Kherson celebrates freedom with Zelensky

Residents who remained in the southern Ukrainian city poured into the streets after the occupiers left. In a surprising appearance, President Selenski talks about the beginning of the end of the war – the euphoria is huge throughout the country.

In the central squares of the city of Kherson, Ukrainian patriots celebrate the end of the Russian occupation.

Ukrainians still do not believe in peace in Kherson. On Monday, authorities ordered residents to avoid Freedom Square in the center as debris would be cleared. But the residents of Kherson are not impressed: hundreds of people draped in Ukrainian and European flags gather in front of the “White House” of the city administration. Complete strangers laugh at each other in the street, which is even more unusual in the post-Soviet region than anywhere else.

These are the emotions that have been held in Kherson for eight months since liberation. “I wanted to shout ‘Glory to Ukraine’ and tie a flag on my head,” Olexandra Wetitnikova describes her state of mind during the occupation, which ended on Friday with a surprisingly quick Russian withdrawal. She learned more by accident, from her father, who noticed the Ukrainian soldiers while fishing. “I couldn’t stop crying for an hour,” says the 21-year-old with tears in her eyes.

Ukrainian Olexandra Vetitnikova on Freedom Square in Kherson.

Ukrainian Olexandra Vetitnikova on Freedom Square in Kherson.

Selenski’s surprise appearance

The euphoric mood in Freedom Square rose when President Volodymyr Zelensky suddenly appeared in front of the crowd with his bodyguard and quickly immersed himself in it. His unannounced appearance may have been the main reason for the Ukrainian demining hoax. As in the eastern city of Izyum, which was liberated in September, military leaders salute the supreme commander to the sounds of the national anthem. Some of the assembled sing, though the majestic pathos does not quite match the tone of the festive mood.

Territories occupied by Russia

Crimea (annexed by Russia)

Zelenskiy calls the conquest of Kherson the beginning of the end of the war. While the front remains close, attention is now likely to shift further east given the liberation of the right bank of the Dnieper and the importance of the river as a natural obstacle. When asked where the army will go next, the president half-jokingly answers: “Not to Moscow. We are not interested in another country’s territory.” Russia sees it differently: In response to the revelations, the Kremlin reaffirmed its claim to Kherson.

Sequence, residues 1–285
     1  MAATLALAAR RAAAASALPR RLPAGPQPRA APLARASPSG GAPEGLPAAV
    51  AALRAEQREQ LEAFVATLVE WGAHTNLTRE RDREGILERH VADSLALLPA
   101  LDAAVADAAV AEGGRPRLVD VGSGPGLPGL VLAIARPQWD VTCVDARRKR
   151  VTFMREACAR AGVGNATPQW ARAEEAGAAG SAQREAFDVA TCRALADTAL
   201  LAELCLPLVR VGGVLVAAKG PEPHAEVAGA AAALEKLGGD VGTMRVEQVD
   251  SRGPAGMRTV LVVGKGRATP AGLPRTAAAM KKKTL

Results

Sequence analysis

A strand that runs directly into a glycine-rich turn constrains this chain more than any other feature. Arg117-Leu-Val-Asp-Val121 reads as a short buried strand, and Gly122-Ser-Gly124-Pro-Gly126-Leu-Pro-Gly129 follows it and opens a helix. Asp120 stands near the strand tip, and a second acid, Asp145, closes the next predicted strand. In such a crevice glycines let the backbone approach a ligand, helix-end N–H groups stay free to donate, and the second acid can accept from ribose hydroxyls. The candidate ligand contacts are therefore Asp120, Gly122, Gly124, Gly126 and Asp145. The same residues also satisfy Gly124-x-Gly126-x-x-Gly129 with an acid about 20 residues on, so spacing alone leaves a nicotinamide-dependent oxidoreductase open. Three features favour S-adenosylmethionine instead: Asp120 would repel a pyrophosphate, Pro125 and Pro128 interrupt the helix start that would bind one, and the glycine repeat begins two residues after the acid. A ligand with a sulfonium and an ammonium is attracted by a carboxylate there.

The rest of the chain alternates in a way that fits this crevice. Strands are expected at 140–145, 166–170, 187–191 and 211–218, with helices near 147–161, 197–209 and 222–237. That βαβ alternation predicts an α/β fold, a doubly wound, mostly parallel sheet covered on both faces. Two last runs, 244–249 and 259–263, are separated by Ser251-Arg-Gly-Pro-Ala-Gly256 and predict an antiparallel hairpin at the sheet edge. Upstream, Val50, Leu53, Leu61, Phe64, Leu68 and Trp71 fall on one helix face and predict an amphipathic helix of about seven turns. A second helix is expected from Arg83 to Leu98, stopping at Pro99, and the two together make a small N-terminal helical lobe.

However, Russia can hardly influence the reality on the ground – apart from the artillery fire that can be heard almost every minute. The projectiles hit uncomfortably close, the fighting in the area is intense. However, the city itself remained largely intact; Landscapes of ruins, such as those around Kyiv or in the Donbass, are absent in Kherson. Ukrainian residents also do not confirm reports that the occupiers left countless mines and explosives in the regional center when they left. In any case, the streets are full of happy strollers on this warm summer day.

Big damage

The newly established civil-military administration is nevertheless faced with enormous tasks. The pro-Ukrainian stance of the city’s estimated 70,000 remaining residents should make it easier to discover potential Russian sleeper cells. Rebuilding the infrastructure is increasingly difficult: after the systematic destruction by the retreating Russians, Kherson has no running water, electricity or internet. In any case, the operator was only able to keep the promise that there will be mobile phone reception again in the center on Monday.

Anschela Pavlova is relishing the opportunity to go out again after months of Russian occupation.

Anschela Pavlova is relishing the opportunity to go out again after months of Russian occupation.

At least the gas supply is still working, although residents hope it will continue to be when it cools down and demand increases. Uncertainty about the approaching winter has already prompted the new administration to urge residents to evacuate. But in the current euphoria that is felt throughout the country, such thoughts are far removed from people.

“It’s not about material comfort,” says Anschela Pavlova, who walks her husband and dog on the other side of Náměstí Svobody in front of the “Ukraine” cinema. During the occupation, they just sat at home, waiting and hoping, he says while playing with his dog. When her husband begins to report on the atmosphere of lawlessness under the occupiers, Pavlova interrupts him. “We don’t want to talk about it now. I just want to soak up the positive energy here.” She doesn’t seem ready to answer the anxious questions shared by tens of thousands of people who are no longer in the city.

President Volodymyr Zelenskyi visited the city of Kherson three days after its liberation.

President Volodymyr Zelenskyi visited the city of Kherson three days after its liberation.

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